Margaret Fuller on national culture: Political idealism through self-culture

Date of Completion

January 2006


Literature, American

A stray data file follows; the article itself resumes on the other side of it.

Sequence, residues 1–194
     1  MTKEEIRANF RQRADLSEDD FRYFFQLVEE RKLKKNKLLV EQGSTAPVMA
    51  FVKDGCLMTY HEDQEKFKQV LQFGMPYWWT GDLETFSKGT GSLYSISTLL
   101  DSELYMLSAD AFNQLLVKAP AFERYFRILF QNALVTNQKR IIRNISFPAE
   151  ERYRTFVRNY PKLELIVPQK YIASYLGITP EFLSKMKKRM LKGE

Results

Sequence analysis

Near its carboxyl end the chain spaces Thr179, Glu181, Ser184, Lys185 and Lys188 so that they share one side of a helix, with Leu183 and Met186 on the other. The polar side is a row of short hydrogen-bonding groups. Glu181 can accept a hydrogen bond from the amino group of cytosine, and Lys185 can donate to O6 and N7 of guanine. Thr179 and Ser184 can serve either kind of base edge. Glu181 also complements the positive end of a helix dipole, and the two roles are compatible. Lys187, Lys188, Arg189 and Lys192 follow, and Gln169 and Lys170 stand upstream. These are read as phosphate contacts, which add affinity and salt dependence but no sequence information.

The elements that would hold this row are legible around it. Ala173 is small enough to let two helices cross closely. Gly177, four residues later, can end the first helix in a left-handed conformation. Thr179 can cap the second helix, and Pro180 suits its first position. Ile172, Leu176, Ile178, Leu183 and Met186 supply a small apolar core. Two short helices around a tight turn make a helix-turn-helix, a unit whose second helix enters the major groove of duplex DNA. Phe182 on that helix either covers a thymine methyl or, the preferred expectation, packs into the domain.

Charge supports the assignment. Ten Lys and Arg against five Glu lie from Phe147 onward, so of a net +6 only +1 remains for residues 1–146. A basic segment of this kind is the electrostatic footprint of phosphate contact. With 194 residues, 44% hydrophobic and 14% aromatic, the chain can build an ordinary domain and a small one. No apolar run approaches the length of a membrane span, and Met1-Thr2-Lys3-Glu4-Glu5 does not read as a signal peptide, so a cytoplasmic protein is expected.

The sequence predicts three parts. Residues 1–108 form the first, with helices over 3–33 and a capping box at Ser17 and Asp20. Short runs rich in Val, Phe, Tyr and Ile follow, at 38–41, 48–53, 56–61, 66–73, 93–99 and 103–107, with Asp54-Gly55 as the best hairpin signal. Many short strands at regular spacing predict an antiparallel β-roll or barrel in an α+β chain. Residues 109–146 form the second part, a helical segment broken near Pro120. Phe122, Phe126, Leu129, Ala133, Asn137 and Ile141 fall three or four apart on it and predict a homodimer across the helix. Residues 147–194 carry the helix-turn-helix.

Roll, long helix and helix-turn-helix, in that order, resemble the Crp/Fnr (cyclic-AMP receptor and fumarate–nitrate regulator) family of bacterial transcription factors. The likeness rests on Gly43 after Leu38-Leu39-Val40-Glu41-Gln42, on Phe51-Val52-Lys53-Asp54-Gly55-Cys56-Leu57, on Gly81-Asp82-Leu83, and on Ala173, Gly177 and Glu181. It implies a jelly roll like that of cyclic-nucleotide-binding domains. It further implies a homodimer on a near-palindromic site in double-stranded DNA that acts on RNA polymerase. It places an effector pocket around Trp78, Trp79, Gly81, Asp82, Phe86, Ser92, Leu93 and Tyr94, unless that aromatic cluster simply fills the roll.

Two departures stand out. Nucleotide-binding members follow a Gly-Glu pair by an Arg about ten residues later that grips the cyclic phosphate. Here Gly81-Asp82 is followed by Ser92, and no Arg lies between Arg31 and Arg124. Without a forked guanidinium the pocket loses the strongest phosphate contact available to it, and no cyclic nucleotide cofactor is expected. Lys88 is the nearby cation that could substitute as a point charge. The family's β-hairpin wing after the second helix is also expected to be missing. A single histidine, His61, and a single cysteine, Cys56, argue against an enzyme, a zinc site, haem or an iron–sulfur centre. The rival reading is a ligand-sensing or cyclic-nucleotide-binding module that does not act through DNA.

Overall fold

This dissertation places Margaret Fuller's writing in the context of nineteenth century views on national culture and consequently explores the influence of self-culture on her views of reform. An examination of Fuller's literary criticism and her major works shows that self-culture formed a consistent foundation for her idealism. Much of the material examined in this dissertation, especially her early literary reviews and some of her New York Tribune journalism, has not been widely discussed. Scholars have debated whether Fuller abandoned her ideas of self-culture when she moved to New York in 1844 or when she traveled to Europe in 1846. A close reading of her writing shows that she defined self-culture in terms of collective and individual experience and this broad definition served her vision of reform throughout her career. While Fuller wrote on social and political issues such as women's rights, slavery, and the government's treatment of Native Americans, she was not especially concerned with politics or oppression based on race, class, or gender. Her persistent concern was the belief that American culture was best served by the influence of the self-cultivated individual. ^ As a result of this concern, she proposed a view of the self-made American that opposed materialism and promoted idealism about individual and collective intellectual experience in America. Fuller's view of the self-cultivated individual fits within the tradition of American exceptionalism; however, she promoted a vision of the self-made American as well-educated, thoughtful, and tolerant of differing points of view. She believed that if individuals pursued these qualities, America would fulfill its millennial destiny as a uniquely cultivated, democratic nation. ^